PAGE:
Dimensions Versus Categories--The Empirical Distinction
An Important Distinction Empirically?
Once one accepts that the dimensions versus categories distinction matters conceptually, there remain two empirical questions: first is the question of whether the distinction matters empirically; second is the question of whether the distinction can be empirically detected. In psychology, the best work on the detection of latent classes has been done by Meehl (1995). Indeed, he has coined his own word for the numerical aspects of category detection: taxometrics. Because it brings the importance of the empirical questions answered by taxometric research clearly into focus, I wish to quote at length from a recent piece of such research:
"When typological models are valid they provide information that cannot be obtained from dimensional models, such as group membership probabilities, latent base rates of types, and indicator specificity and sensitivity rates (Meehl, 1995). When they are not valid, however, unfortunate problems can arise that serve to undermine the research enterprise--such as reductions in statistical power (Cohen, 1988), decreases in scale reliability (Cohen, 1983), the spurious overestimation (Maxwell & Delaney, 1993) and underestimation (Cohen, 1983) of empirical relationships, and the inability to uncover nonlinear relationships with other variables (Tellegen & Lubinski, 1983)" (Fraley and Waller, in press, p.1).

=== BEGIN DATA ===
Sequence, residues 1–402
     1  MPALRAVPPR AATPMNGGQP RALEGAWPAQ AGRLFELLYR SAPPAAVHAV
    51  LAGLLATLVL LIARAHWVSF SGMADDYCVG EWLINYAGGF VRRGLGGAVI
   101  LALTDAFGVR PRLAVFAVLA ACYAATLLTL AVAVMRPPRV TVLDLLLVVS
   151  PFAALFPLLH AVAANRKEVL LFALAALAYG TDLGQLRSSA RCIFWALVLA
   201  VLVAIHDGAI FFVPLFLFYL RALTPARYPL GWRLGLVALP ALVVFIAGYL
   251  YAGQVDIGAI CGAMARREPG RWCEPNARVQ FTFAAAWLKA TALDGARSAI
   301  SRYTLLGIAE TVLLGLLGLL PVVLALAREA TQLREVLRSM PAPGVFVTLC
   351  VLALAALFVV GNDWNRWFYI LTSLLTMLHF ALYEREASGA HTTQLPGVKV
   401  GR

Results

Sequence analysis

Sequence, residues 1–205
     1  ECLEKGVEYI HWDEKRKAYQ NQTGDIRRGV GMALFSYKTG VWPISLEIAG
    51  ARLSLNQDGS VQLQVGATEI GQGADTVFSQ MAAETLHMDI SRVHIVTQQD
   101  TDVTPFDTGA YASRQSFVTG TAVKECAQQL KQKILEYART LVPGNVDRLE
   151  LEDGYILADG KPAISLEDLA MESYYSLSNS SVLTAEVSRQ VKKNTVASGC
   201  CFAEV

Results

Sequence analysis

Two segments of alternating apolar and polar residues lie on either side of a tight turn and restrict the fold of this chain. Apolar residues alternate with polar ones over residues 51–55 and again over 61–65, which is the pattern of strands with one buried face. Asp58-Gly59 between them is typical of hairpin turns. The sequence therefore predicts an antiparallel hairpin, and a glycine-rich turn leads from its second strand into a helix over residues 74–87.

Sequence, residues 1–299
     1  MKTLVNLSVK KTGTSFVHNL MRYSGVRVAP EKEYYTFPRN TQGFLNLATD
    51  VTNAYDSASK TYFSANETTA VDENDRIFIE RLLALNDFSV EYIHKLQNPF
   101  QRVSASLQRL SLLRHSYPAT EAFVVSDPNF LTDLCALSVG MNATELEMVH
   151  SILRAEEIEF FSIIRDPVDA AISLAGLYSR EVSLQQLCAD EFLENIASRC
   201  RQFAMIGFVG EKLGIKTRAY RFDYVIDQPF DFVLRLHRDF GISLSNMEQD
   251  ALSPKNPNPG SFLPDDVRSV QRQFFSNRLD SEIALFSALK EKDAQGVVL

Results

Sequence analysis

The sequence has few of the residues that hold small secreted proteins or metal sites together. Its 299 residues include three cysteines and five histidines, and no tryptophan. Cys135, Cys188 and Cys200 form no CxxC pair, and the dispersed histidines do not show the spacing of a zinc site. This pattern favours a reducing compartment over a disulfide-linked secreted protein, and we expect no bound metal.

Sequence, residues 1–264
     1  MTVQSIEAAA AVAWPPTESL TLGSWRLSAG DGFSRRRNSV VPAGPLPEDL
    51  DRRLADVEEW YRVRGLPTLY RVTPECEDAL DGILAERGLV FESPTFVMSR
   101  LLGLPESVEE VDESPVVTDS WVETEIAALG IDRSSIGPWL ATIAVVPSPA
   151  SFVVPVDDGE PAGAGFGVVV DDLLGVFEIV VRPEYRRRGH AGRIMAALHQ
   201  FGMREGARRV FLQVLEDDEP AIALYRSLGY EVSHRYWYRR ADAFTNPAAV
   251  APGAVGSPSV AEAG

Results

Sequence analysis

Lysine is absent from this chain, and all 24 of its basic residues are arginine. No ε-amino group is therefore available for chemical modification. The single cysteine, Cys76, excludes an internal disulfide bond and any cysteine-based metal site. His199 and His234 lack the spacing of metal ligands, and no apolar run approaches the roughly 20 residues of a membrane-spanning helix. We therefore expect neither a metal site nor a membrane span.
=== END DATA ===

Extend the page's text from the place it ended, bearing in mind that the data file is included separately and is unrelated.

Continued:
A Detectable Distinction Empirically?
This quote should show the empirical importance of the question of whether psychological disorders in fact come in categories or dimensions. Specific procedures have been developed to determine whether disorders are packaged as traits or types. Two such procedures, called MAMBAC and MAXCOV-HITMAX, have been developed through the persistent efforts of Meehl and colleagues (Meehl, 1995; Meehl and Golden, 1982; Meehl and Yonce, 1994; Waller and Meehl, 1997). While this is not the forum in which to detail the nature of these taxonometric methods, it is the forum in which to call attention to their potential for answering the empirical questions that our conceptual analysis has shown to be so important for those of a realist philosophical persuasion.